Fall 2007 Issue


Village Voices

A team of BU students works to preserve the oral histories of those left in limbo by Miami-Dade’s affordable housing crisis.

By Jasmine Kripalani

Caprice Brown remembers the days of living in the barracks-style James E. Scott and Carver housing projects as generally good times. People often had birthday parties for their children on the grassy courtyard, one couple even tied the knot there.

As a single mother of three, Brown said life in the projects in the Central Miami area known as Liberty City also had its share of problems, drug- and gang-related violence chief among them.

“But you have that everywhere,” she said.

Facing a camera in a sparsely furnished conference room at The Miami Worker’s Center, a nonprofit organization representing the interests of low-wage workers, Brown told her story to five Barry University students who compiled oral histories as part of their senior class project. Brown was among six former project residents who spoke on camera about their struggle with the Miami-Dade Housing Agency. Officials there promised her and other residents that the 850-unit housing project would be demolished and replaced with vastly improved residences. But seven years have passed, and Brown and many other former residents of the housing project, generally referred to as Scott-Carver, are still waiting on those homes.

Home, sweet home

“The housing issue has been at the forefront of what most community-based organizations and agencies have been working on for some years,” said Chair of the Department of Sociology and Criminology Dr. Karen Callaghan, who oversaw the students’ work. “In looking for a community-based project that focused on social problems, it was obvious that housing and hence poverty were primary concerns.”

Callaghan divided the 20 students into five teams. Each focused on a different aspect of affordable housing from the history of gentrification in Miami to the role of government.

One team of students worked with The Miami Worker’s Center. The center needed someone to record the oral histories of former project residents.

Enter five BU students who drove to the Center at 6127 N.W. 7th Ave. once a week for five weeks with a camera, a set of spotlights, laptops and notebooks.

Among them was criminology major Cliff-Pierre Antoine, 21.

He interviewed Lee Lipscob who was forced to live in her truck with her two young children after she was evicted from her unit at the Scott-Carver projects. She had been on a waiting list for 27 years before she was assigned a unit.

Lipscob, an African-American, was born and raised in Florida. Her family had a small farm in Homestead where they made just enough to get by growing squash and tomatoes.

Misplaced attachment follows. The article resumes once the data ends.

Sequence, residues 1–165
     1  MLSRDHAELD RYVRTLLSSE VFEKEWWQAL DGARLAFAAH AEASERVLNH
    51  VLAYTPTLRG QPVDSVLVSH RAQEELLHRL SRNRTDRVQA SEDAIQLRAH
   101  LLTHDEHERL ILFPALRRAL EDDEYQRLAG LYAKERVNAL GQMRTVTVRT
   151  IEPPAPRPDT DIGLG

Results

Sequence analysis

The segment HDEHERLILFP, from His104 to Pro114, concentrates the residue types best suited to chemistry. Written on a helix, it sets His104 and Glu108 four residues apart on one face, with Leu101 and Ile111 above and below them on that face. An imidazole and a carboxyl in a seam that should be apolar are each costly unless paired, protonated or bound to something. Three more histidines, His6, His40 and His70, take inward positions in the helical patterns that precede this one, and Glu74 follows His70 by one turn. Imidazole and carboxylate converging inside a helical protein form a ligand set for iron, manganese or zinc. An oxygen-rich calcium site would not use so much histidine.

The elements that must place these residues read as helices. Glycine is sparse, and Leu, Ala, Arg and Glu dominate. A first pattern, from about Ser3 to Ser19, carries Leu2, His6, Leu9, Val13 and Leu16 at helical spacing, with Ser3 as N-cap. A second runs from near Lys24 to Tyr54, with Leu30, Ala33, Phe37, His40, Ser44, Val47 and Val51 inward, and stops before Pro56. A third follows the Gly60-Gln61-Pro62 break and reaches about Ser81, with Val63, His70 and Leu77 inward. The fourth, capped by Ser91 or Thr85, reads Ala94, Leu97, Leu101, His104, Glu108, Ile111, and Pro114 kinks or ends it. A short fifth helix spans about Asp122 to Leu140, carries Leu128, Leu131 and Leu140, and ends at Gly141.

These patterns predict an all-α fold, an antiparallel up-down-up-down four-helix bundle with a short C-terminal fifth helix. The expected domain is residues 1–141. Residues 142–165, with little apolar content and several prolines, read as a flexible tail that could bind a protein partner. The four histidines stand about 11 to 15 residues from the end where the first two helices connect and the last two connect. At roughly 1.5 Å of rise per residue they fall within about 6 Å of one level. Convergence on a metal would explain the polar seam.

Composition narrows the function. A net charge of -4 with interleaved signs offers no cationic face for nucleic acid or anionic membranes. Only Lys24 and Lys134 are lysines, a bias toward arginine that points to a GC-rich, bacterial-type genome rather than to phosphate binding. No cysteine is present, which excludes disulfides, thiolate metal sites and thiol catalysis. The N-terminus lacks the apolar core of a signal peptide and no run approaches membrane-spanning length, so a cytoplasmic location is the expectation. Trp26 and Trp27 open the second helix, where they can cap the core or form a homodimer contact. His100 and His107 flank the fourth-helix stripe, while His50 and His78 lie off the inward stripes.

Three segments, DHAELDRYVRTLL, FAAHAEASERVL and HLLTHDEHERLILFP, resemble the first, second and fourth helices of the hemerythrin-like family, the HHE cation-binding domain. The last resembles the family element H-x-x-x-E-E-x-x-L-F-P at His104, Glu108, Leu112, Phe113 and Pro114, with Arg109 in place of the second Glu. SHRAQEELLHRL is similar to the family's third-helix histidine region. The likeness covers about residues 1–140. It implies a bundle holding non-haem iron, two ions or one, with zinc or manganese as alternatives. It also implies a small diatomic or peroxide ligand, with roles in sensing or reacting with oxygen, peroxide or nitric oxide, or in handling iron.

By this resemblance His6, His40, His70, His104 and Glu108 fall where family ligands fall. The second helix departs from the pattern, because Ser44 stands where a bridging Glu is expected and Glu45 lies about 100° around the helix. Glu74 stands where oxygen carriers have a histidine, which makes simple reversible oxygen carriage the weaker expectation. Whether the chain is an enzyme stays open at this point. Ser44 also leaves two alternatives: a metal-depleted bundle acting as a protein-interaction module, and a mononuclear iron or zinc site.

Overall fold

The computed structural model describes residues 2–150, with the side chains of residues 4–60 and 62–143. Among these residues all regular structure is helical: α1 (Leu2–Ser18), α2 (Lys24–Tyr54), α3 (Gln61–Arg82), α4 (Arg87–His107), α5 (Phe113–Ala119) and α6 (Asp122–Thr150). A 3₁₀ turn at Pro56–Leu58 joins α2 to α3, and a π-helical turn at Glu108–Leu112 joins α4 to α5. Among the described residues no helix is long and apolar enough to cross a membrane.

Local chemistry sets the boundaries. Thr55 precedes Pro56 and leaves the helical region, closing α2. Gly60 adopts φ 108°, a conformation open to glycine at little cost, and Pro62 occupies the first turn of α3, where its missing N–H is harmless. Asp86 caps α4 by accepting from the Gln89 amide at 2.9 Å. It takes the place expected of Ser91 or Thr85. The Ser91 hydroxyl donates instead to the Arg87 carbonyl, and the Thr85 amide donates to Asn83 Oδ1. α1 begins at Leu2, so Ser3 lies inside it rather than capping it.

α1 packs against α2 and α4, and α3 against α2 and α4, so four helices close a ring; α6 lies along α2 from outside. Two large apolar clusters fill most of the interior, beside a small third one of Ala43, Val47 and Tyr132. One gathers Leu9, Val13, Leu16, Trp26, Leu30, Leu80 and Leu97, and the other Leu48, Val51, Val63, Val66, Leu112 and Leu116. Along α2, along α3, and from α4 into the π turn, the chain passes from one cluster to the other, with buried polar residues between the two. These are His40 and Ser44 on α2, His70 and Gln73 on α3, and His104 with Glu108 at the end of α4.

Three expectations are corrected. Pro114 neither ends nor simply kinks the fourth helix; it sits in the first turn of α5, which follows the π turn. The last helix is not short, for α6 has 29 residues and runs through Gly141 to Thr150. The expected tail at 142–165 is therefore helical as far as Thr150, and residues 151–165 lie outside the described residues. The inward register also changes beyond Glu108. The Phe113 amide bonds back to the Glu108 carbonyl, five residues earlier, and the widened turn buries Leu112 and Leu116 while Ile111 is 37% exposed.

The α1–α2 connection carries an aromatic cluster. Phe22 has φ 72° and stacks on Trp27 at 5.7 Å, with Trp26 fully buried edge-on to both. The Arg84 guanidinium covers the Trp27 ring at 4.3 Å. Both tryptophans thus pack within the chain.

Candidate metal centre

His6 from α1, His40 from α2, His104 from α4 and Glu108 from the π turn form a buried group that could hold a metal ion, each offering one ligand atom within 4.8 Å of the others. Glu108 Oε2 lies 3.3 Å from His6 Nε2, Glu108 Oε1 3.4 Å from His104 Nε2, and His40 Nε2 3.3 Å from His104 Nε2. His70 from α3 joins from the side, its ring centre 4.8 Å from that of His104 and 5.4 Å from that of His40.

When Lipscob left her parents’ house, she had her own growing family. She had 17 children and is still raising an 11- and 12-year-old. Ten of her other children live in their own apartments and five have passed away. After living out of her truck, they eventually found a duplex not far from the former Scott-Carver residences.

But she fears for her children’s safety there.

“If you do let your kids outside to play,” Lipscob said, “people are shooting and everything. I just pray and hope that they really don’t get hit with a bullet.”

Like many Scott-Carver residents, Lipscob said she learned of her impending eviction by word of mouth. She said that she never received any written declaration of the county’s intentions. Others said they received one on Christmas Day.

Fighting ‘city hall’

Meetings were held about the evictions and many promises were made, which never amounted to anything concrete, she said. One day, Lipscob said she returned home from her $250-a-week job to find that her front door and windows had been boarded up and her belongings had been moved to another location — without her consent or knowledge.

In 2001, the county ordered the demolition of all 850 units at the Scott-Carver projects on the 7200 block of Northwest 22nd Avenue.

After her eviction, Lipscob said that the county did not provide her with any services.

Since that time, she has become intensely active in trying to improve her housing situation as well as the situation of other displaced Scott-Carver residents. She eventually made it to the commissioner’s office and voiced her complaint. But nothing came of it.

“These people were not going to allow themselves to be taken advantage of. People think that because they’re poor or not as well educated that they won’t fight for what they believe in and what they feel is fair,” Antoine said. “The Scott-Carver residents proved the opposite. They made it to the city council meetings, they petitioned the mayor and did everything they could to remedy their situation.”

By January of 2007, however, $22 million had been spent and only three homes had been constructed, The Miami Herald reported in its Pulitzer-Prize winning series, “House of Lies.” The series, which began to appear in the fall of 2006, focused on the county’s mismanagement of funds and corruption.